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Online ISSN 1827-1847
Faggioli G. L., Pilato A., Curti T., Ferri M., Palumbo N.
From the Vascular Surgery University of Bologna, Bologna, Italy
Background. The chronic contained rupture of an aneurysm (CCRA) is a rare occurrence. The cases reported in the literature are therefore sporadic. In this paper we report the clinical characteristics and immediate results of the cases we have observed.
Methods. A retrospective analysis was made of all cases of CCRA treated surgically from 1992 to today, evaluating symptoms, morphological characteristics of the aneurysm, site of rupture, type of surgery, perioperative mortality and morbidity. The results were compared with those of uncomplicated abdominal aortic aneurysms (AAA) treated during the same period.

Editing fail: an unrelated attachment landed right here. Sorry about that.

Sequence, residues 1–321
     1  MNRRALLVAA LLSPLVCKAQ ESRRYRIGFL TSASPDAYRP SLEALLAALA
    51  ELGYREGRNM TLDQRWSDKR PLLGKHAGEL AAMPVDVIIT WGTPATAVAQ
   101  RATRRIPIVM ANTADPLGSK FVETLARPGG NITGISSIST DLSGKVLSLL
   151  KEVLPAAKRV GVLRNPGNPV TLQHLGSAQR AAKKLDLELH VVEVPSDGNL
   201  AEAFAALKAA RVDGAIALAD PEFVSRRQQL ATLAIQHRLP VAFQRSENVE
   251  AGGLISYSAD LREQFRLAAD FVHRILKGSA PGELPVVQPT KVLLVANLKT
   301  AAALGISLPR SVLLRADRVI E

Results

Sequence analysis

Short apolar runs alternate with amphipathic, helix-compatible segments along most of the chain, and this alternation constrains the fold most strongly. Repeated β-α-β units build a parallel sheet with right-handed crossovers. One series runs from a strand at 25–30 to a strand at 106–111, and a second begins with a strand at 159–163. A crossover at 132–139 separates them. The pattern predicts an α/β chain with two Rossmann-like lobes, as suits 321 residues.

Results. Twenty-four CCRA were treated. The symptoms (backache, aspecific abdominal pain, hypotensive episodes) were present in 14 cases (58.3%). The maximum mean transverse diameter was 6.49±1.7 cm. Anemia was present in 6/14 symptomatic patients (43%); asymptomatic patients never presented anemia (0%, p<0.05). There was no correlation between the site of rupture (anterolateral in nine cases – 37.5% and posterior in 15 cases – 62.5%) and symptoms. There was no statistically significant difference in mortality and morbidity in CCRA vs those in the 996 cases of AAA treated during the same period (9.1 vs 7.2%, p=NS), but there was a trend towards higher mortality (4.5 vs 0.8%, p=0.07).
Conclusions. CCRA have specific symptoms in 60% of cases. The operating results did not differ from those in AAA, although the trend towards mortality was higher. These results justify the indications for surgical treatment of these forms, also in view of their unforeseeable evolution.
language: English, Italian